Domestic drama spills over into terror in Patrick Hamilton’s 1938 play, set in fogbound Victorian London. Though Kai Fischer’s production has plenty of atmosphere, it’s not as chilling as it might be.
The play (and the film that followed) gave rise to the term ‘gaslighting’: the psychological manipulation of a person intended to make them believe they are going mad. Director and designer Fischer uses that understanding to add a frisson of anticipation and tension to the opening domestic scenes. Robin Laing’s overbearing Jack, and Esme Bayley, as his tentative wife Bella, create a sense that, after a period of difficulty, the relationship between them is slowly getting better.
The cracks soon reappear though, facilitated by Ruby Richardson, as their young maidservant, Nancy. Events become altogether more disturbing when items begin to go missing. Is Bella losing her mind?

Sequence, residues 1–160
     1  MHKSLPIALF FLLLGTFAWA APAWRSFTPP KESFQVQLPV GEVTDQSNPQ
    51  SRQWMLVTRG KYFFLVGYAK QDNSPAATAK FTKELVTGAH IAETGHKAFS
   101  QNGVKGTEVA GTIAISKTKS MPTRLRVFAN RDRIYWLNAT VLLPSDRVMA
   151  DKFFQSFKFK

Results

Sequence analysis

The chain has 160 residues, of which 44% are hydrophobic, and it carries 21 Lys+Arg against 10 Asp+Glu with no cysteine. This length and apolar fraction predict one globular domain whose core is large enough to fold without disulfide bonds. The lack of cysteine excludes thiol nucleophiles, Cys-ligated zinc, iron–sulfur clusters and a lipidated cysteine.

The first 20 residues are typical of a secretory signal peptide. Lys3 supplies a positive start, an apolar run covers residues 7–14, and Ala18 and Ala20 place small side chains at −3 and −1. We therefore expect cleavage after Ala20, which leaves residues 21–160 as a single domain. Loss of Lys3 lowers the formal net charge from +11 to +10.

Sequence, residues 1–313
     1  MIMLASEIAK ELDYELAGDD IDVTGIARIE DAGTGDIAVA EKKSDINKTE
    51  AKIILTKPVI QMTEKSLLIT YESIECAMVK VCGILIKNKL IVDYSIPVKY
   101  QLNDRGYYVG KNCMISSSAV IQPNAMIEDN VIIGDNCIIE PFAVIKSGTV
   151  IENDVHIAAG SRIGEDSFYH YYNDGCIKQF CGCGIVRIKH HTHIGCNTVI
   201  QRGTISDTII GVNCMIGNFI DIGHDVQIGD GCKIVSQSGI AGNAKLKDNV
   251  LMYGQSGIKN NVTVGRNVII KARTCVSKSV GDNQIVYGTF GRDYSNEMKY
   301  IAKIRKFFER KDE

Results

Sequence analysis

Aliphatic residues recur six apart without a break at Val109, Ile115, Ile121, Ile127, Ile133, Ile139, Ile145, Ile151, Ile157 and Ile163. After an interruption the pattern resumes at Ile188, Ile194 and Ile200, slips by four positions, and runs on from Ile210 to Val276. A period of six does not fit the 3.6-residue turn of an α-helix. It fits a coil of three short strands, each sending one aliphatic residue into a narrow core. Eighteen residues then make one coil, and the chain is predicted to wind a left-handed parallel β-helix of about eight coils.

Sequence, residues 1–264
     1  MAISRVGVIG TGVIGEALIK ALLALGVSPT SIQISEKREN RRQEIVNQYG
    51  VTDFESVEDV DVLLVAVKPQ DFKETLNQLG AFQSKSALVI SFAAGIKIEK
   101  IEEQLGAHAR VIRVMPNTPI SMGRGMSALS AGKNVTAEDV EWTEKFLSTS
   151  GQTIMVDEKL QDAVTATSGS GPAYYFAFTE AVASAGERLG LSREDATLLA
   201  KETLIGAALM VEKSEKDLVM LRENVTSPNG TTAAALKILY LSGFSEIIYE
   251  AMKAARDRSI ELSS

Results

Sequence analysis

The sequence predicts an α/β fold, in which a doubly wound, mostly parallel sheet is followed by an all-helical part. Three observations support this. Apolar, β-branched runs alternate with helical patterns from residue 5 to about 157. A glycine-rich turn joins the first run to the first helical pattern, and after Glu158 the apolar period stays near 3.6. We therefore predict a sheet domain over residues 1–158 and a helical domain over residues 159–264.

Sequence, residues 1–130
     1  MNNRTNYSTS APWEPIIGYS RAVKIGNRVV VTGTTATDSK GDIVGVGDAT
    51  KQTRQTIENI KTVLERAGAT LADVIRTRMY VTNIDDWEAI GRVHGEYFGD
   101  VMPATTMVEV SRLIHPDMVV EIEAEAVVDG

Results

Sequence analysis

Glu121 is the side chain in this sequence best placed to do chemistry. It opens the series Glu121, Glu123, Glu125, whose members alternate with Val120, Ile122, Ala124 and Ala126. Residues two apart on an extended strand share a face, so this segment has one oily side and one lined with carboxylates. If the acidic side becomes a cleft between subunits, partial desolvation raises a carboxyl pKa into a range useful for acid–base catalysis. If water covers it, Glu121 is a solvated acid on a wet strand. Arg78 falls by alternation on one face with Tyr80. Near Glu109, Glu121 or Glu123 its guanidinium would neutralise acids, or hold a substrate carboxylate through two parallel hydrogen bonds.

Both Laing and Richardson play up the ambiguity of their characters brilliantly, but it is the gender-blind casting of Meg Fraser, as visiting policeman, Rough, that is the production’s cleverest decision.
Because Bayley makes the audience doubt the reliability of Bella as narrator, it makes the reality of Rough all the more questionable. Fraser handles unwelcome laughter with ease and her presence is the catalyst for a fascinating shift to the dynamic between husband and wife.
There’s a cleverness to the way Fischer’s staging allows Bella to step out of the frame. But he doesn’t deliver the red herrings and changes in direction with sufficient conviction or fully evoke the lingering paranoia that underpins the play.